The collective uses the same language about the Pill that it uses about implants. Because both technologies may have long-term effects, women who use them "become subjects in prolonged experiments." So the collective would rather not allow women to choose their own risks, whether by permitting implants or legalizing over-the-counter oral contraceptives.

Lately, some feminists and environmentalists have even begun to attack tampons and other menstruation-related technologies. In the quarterly, Whole Earth Review, Lara Owen wrote, "The technology of suppression -- tampons, vaginal deodorants, sophisticated pain-killing and mood-altering drugs -- has acted together with the myth of the superwoman to create a predominant cultural attitude that a menstruating woman is no different from one who is not bleeding."

In a more-mainstream critique, Garbage magazine assistant editor Hannah Holmes criticized tampons (especially the plastic-applicator variety that consumes "precious petroleum") for contributing to solid-waste problems and for leading to toxic shock syndrome. Like silicone breast implants, tampons can be defined as medical devices and, also like silicone implants, they are not absolutely necessary; substitute technologies exist. So we may yet find tampons under regulatory attack. Certainly the connection between tampons and toxic shock syndrome is far better documented than most of the allegations against silicone breast implants. That risk assessment suggests the third great divide.

The clinical view vs. the statistical view: This is the deepest cultural chasm, dividing medical practitioners from medical scientists and everyday experience from systematic research. The groups that stand on either side of this divide do not even comprehend each other's arguments.

Take the claim that silicone breast implants cause scleroderma, a connective-tissue disorder that leads to a painful tightening of the skin. To lead in to its program on the implant controversy, Nightline featured a woman who had had a breast implant and who had later developed scleroderma. Reporter Judy Muller told viewers that the woman's doctor "believes the disease was caused by silicone leaking from the breast implants."

Muller did not inform viewers that there is no epidemiological evidence to back up that diagnosis. To tell whether there is indeed a connection between implants and scleroderma-like disorders would require a large sample of women who had received implants, whose medical histories were well-documented and whose symptoms were unambiguous. Such evidence may be forthcoming, although a May 1991 literature search under the auspices of the American Medical Association turned up only 28 women who had developed connective-tissue disorders after receiving silicone gel implants. For now, it is scientifically incorrect to say that implants cause such auto-immune diseases.

To such arguments, implant opponents reply by pointing to scleroderma victims. See, they say, it happened to this woman. She had an implant and now she has a disease. Post hoc, ergo propter hoc. The statistical standards of proof on which epidemiologists rely do not make for powerful journalism. And they run counter to the case-oriented culture of clinical practice.

Sociologist Eliot Friedson described that culture in his seminal 1970 book, Profession of Medicine: "The consulting professions in general and medicine in particular encourage the limitations of perspective by its members through ideological emphasis on the importance of firsthand, individual experience . . . . Such emphasis is directly contrary to the emphasis of science on shared knowledge, collected and tested on the basis of methods meant to overcome the deficiencies of individual experience. And its efficacy and reliability are suspect." Friedson notes that clinical practitioners often give expert testimony, generalizing from personal experience to conclusions for which they have insufficient evidence.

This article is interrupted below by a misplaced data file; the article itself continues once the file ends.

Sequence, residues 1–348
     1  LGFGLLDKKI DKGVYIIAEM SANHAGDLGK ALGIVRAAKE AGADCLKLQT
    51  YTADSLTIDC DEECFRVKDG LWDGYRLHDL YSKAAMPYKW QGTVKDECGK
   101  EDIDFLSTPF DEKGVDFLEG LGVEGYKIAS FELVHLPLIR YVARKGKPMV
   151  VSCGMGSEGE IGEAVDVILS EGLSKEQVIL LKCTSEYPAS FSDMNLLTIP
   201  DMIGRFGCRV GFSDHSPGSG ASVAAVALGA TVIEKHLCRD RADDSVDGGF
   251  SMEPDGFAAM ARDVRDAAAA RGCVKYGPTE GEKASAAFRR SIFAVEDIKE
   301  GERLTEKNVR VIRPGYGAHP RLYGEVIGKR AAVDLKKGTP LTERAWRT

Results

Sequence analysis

Such testimony can have a powerful effect on juries, especially since the court system -- like high-school debate judges crediting evidence cards -- tends to grant all experts equal credibility. The effect is what Peter Huber, author of Galileo's Revenge, calls "junk science," evidence that meets legal but not scientific standards.

Clinically based junk science, promoted by aggressive litigators, has run the morning-sickness drug Bendectin off the market, due to a controversy over whether it is connected to birth defects. Since it became unavailable, the number of hospitalizations for severe morning sickness has doubled. Although no connection between Bendectin and birth defects has ever been established, and although its manufacturer won in court, the $100-million cost of defending the drug against continuous lawsuits has made it too expensive to produce.

The cultural divide between the small number of people who understand statistical reasoning and the large number who do not affects more than health policy. Edward Deming's celebrated techniques of statistical process control are designed to maintain quality standards not only by telling workers when production equipment needs to be adjusted, but also by telling them when it does not -- when changes in output are within random fluctuations and adjustments would lead to more, not less, deviation from the norm.

Similarly, Japanese managers have observed that American managers do not understand statistics well enough to distinguish between random earnings or production fluctuations, and real changes. Making decisions based on quarterly earnings is wrong, in this analysis, because it leads managers to react to statistical "noise."

Because it is sensitive to public outcry, the regulatory process also tends to respond to noise -- specifically, to the noise made by clinicians claiming harm. The FDA is culturally biased, as are the victim-loving media.

In evaluating the safety of breast implants, the FDA and the courts should view the evidence rationally, with an eye toward real epidemiological proof rather than emotional claims. Regulators should seek to inform women of risks, not deprive them of choices. And those women who do want the freedom to make informed choices must take responsibility for the consequences, rather than going to court later to demand compensation for bad outcomes. Above all, the FDA should avoid taking refuge in extremist, paternalistic views of what women should be and what women should want.